The world is experiencing a data explosion of epic proportions. The intelligence of objects all around us has given rise to smart cities. These intelligent cities are powered by smart city technology. IoT-powered waste management systems, connected cars, and smart utility meters have all come together to make public spaces more energy efficient, liveable, and sustainable.
Scientists believe that cities generate over 70% of the global CO2 emissions. These emissions are caused by traffic gridlock, contamination from factories and buildings, and an ailing public transportation infrastructure. The resulting environmental impacts are astonishing, stimulating governments worldwide to enact stiffer regulations to mitigate CO2 levels. As of 2021, 124 countries have committed to attaining a carbon-neutral world by 2050.
To achieve these goals, urban centers require tremendous support. IoT technology can be of immense benefit to modern living. Connected cities, today, need smart utility meters, smart electrification, and smart waste handling solutions to curtail carbon emissions. Climate tech startups can seize this opportunity and move into this space. Also, oil and gas companies can rebrand as energy companies and embrace clean, green energy.
In the past, climate tech businesses had limited coverage of renewable energy. Poor results caused their venture capital-sourced funds to go down the drain. Thankfully, with recent multi-sector collaborations, climate tech companies can set their sights on building a sustainable economy once again.
In broad terms, any organization committed to decarbonizing the world is a climate-tech company. Public interest in the sphere is gaining momentum and new talent and technology are in high demand. Although the pandemic slowed down the market as it did many others, analysts portend that climate tech is still a viable investment prospect.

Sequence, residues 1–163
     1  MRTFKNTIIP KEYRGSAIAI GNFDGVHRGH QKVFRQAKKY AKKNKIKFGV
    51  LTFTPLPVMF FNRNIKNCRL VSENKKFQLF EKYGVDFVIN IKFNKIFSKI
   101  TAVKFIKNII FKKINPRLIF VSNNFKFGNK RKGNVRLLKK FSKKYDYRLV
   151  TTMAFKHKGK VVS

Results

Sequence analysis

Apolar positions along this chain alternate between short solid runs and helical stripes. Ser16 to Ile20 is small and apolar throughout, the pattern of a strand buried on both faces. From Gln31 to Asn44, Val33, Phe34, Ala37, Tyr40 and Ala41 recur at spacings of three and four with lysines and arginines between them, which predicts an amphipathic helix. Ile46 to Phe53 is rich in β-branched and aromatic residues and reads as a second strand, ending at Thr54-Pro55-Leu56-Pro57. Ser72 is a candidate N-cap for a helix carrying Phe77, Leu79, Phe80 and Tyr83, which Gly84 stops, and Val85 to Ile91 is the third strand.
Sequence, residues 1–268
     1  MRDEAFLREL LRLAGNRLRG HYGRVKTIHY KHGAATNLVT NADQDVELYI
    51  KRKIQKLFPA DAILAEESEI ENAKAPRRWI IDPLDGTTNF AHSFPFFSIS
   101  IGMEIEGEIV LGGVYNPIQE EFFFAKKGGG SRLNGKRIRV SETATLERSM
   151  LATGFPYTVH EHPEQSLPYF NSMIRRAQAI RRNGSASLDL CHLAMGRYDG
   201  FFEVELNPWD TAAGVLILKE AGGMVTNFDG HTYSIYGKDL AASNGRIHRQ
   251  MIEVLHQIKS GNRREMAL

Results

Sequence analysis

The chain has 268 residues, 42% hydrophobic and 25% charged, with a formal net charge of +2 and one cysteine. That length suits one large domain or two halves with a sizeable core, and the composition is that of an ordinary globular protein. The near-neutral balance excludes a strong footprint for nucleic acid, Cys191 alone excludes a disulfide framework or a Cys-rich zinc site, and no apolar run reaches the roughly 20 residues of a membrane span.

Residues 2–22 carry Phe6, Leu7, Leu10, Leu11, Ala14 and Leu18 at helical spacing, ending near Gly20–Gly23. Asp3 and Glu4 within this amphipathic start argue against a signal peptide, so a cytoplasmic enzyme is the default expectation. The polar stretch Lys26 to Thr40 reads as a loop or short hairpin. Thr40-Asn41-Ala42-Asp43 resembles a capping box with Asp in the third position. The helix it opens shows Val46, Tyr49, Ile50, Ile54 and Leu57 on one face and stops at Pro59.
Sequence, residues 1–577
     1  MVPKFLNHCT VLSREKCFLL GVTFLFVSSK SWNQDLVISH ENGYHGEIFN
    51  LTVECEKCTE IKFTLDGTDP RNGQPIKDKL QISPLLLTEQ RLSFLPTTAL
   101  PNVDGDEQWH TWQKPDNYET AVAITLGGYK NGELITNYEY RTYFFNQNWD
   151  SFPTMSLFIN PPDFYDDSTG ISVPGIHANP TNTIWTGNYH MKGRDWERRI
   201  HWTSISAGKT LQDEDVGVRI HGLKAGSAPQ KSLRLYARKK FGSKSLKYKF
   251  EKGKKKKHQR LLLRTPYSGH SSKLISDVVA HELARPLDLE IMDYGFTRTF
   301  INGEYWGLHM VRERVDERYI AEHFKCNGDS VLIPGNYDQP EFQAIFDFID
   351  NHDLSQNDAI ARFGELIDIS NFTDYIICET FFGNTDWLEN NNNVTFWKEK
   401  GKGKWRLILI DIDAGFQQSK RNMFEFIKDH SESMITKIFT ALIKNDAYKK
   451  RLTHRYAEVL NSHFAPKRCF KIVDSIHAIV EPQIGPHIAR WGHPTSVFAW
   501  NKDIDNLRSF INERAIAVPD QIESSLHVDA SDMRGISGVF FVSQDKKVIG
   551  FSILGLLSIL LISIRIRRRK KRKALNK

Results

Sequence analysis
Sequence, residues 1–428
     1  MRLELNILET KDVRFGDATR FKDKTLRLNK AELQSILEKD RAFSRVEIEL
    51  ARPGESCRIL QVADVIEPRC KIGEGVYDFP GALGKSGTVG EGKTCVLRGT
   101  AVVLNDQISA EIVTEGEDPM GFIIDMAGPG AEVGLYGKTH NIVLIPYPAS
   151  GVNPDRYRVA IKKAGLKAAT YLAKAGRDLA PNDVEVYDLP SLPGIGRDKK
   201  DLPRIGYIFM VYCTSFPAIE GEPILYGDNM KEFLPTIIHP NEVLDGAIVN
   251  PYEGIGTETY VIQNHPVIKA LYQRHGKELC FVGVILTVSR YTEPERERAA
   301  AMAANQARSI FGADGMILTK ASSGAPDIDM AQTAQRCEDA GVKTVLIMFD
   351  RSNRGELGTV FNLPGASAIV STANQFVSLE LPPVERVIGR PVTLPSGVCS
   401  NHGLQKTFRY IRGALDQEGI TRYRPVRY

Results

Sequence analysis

The vision of a connected city centers around data obtained from public infrastructure, vehicles, and buildings shared between smart services and people. Smart city tech informs town planners of how to manage the various aspects of the city’s functionality, such as air quality, water quality, energy transfer, transportation, and security. Such IoT solutions operate in isolation or in-sync with one another, thereby creating intricate ecosystems. With this, state governments can develop sustainable strategies for the proper management of public assets.
Let’s look at three possible use cases of IoT in intelligent cities:
- Smart energy grids that gather data from buildings to enable utility providers manage energy better or deliver services quicker. In a smart city, a light bulb is not just a light bulb, it’s a communication node that tells the power company that it has blown a cell or ruptured a cable.
- Smart trash cans can transmit information to the waste management board to book a pickup.
- Vehicles coordinate with parking facilities to find vacant spots and curb traffic jams.
Three sets of city stakeholders are instrumental to this development: the local government, climate tech businesses, and residents. Climate tech businesses develop eco-friendly business blueprints and scale them for clean energy that is driven by smart solutions for public infrastructure, utilities, and services. The authorities are concerned with improving air quality, distributing energy efficiently, and reducing traffic. Residents communicate and interact with the authorities and connected utilities themselves through smartphones, smart homes, smart trash cans, and smart cars.
IoT solutions in smart cities are enabled by sensors, smart contracts, cloud infrastructure, web and mobile applications. Sensors capture data and send them into cloud storage through the web. The cloud platform processes the data and takes action, reaches a resolution, or makes recommendations. AI, embedded into the platform facilitates this process. Useful information is then displayed on smart device dashboards.